I advised my utility friend that important benefits can be derived from implementing MDM at the front end of an AMI project, and can actually produce implementation savings down the line as meter installations ramp up and customer/ meter data synchronisation becomes more critical and problematic. As the volume of AMI-related meter changeouts increases, timely synchronisation of meter changes with customer account data becomes essential to help a utility avoid large numbers of billing system rejections caused by incorrect meter assignments. MDM will therefore help to minimise the number of incorrect and estimated bills that result from the change-out process.

And meter reader routing changes can be accomplished more efficiently by utility staff through timely installation updates as growing numbers of utility meters become AMI-ready and are then removed from the manual meter reading routes. Among the important issues that must be addressed in the early stages of MDM implementation include the overall MDM system architecture, database and operating platform to be used.

While point-to-point custom integration design is still used by many utilities, open standards-based solutions using Service Oriented Architecture (SOA) and application programming interfaces (APIs) can provide maximum flexibility when establishing the timing and sequence of utility applications that will be receiving data from the MDM. A typical connectivity model patterned after Itron’s Enterprise Edition MDM software is shown in Figure 1, and depicts how a utility can develop early interfaces to critical systems such as billing, CIS and initial AMI networks (or pilots) in a timely manner without designing later stage interfaces or adversely affecting other systems already in commercial operation.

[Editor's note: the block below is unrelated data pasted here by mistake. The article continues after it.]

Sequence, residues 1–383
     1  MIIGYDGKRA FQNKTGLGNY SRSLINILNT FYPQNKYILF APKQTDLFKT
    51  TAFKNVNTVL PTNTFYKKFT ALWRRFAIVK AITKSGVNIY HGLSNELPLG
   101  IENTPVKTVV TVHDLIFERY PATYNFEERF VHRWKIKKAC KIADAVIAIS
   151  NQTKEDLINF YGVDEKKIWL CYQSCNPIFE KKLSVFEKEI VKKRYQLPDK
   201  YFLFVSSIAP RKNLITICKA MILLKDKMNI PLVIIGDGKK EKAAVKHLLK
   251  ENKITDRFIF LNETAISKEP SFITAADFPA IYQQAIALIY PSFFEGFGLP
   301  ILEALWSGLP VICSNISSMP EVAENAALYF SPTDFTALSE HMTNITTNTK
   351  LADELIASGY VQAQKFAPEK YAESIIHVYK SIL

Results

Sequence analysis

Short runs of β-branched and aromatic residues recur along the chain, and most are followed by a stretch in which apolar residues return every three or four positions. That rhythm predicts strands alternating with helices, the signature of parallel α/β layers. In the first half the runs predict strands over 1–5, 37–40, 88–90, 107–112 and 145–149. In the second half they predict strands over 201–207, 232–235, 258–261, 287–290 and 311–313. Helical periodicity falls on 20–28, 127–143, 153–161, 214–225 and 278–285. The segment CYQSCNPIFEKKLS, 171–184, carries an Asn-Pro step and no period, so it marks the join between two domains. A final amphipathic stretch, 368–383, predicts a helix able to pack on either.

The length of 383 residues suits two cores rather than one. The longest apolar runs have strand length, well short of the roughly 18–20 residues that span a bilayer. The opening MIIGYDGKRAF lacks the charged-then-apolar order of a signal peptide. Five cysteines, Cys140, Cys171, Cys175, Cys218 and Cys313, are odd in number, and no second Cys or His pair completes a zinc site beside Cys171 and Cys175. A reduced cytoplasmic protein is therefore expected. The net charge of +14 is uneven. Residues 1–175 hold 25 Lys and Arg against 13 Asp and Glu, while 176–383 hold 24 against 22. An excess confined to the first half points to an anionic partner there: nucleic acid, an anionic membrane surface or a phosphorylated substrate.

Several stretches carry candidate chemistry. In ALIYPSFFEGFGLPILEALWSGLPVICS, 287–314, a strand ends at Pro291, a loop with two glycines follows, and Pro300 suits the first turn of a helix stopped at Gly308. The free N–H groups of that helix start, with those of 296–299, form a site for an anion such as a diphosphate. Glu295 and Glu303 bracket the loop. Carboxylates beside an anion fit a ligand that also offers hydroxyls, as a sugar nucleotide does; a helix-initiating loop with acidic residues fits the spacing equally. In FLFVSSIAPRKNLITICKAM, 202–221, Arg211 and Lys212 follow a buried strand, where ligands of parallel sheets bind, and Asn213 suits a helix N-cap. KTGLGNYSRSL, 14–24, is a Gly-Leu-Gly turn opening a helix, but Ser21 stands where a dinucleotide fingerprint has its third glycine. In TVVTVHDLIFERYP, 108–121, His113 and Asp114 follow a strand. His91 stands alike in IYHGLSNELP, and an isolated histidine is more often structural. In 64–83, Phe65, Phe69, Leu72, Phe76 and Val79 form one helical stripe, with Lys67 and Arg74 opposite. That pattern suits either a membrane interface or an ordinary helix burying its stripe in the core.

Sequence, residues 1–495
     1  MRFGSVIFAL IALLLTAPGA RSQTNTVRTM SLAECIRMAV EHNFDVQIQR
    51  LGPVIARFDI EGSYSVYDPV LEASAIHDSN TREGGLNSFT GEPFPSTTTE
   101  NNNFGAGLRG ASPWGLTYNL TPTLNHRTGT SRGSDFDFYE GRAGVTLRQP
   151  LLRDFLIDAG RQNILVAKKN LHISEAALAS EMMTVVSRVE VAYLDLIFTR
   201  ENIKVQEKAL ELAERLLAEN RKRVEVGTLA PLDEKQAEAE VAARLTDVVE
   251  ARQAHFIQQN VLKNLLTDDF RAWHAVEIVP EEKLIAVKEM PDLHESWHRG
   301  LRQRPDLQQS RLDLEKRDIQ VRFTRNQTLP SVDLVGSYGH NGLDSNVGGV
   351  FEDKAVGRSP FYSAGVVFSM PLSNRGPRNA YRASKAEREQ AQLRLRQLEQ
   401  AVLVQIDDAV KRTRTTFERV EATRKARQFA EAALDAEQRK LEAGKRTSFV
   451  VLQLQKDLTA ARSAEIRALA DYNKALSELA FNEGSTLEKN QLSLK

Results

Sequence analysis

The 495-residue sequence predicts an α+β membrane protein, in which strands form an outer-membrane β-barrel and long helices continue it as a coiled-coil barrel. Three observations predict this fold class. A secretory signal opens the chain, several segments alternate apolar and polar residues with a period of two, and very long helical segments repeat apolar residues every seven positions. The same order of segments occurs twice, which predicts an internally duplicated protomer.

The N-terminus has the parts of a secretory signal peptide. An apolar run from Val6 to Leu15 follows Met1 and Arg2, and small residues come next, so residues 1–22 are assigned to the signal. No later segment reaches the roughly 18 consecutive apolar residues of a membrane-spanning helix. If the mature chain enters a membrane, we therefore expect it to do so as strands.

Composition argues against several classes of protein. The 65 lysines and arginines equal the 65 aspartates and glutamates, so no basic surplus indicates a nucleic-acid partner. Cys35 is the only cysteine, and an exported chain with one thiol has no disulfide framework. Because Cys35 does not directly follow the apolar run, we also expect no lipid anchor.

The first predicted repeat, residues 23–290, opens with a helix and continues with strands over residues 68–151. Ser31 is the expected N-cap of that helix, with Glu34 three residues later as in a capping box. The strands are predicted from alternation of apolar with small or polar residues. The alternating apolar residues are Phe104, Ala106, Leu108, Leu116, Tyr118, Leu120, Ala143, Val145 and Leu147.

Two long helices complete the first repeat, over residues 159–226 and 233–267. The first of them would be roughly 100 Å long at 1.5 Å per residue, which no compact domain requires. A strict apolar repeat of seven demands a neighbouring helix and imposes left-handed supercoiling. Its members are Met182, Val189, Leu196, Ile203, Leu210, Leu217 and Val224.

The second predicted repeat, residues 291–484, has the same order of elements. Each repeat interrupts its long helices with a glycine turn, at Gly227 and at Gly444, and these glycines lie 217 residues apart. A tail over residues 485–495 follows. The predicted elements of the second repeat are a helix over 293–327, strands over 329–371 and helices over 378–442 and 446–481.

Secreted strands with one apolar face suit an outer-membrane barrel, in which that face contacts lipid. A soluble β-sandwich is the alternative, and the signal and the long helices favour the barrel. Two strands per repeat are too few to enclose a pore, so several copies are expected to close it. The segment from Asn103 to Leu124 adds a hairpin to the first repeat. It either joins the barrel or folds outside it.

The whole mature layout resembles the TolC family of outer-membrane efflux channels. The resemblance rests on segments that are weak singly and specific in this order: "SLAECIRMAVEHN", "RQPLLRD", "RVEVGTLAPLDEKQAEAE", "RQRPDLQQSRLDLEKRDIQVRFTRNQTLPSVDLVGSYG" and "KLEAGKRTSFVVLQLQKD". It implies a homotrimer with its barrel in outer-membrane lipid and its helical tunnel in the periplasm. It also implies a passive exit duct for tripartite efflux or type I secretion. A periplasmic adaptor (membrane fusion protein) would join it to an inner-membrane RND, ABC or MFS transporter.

For hybrid AMI networks where more than one AMI solution will be implemented, a utility can time the implementation of multiple AMI interfaces much more efficiently using SOA to coincide with the introduction of later stage AMI technologies. For many utilities, maintaining older legacy systems that continue to require meter data during implementation of new system architecture will present some interesting challenges.

Older technology platforms may not support some of the more recent design standards used by meter data management systems that promote interoperability and may use different business logic. In these situations, it is best to select an MDM solution that has maximum flexibility built into its design logic and is capable of co-existing with older systems as well as meeting the unique but changing business needs of internal user groups requiring access to meter data.

Multi-phase implementation process

Using a flexible design and implementation model, utilities are generally advised to take a phased approach to MDM implementation to accomplish their overall meter data management objectives. Phase I implementation should target a limited set of functional requirements that include the initial installation of the MDM software and operating platform, establish connectivity with current mission critical systems that require meter data, build internal familiarity with the system design logic and prepare critical systems for AMI implementation.

Some advantages of beginning with a more limited initial Phase I MDM installation are:

  • Phase I implementation can occur much more quickly to support AMI deployment with reduced risk that critical systems such as billing will be adversely affected.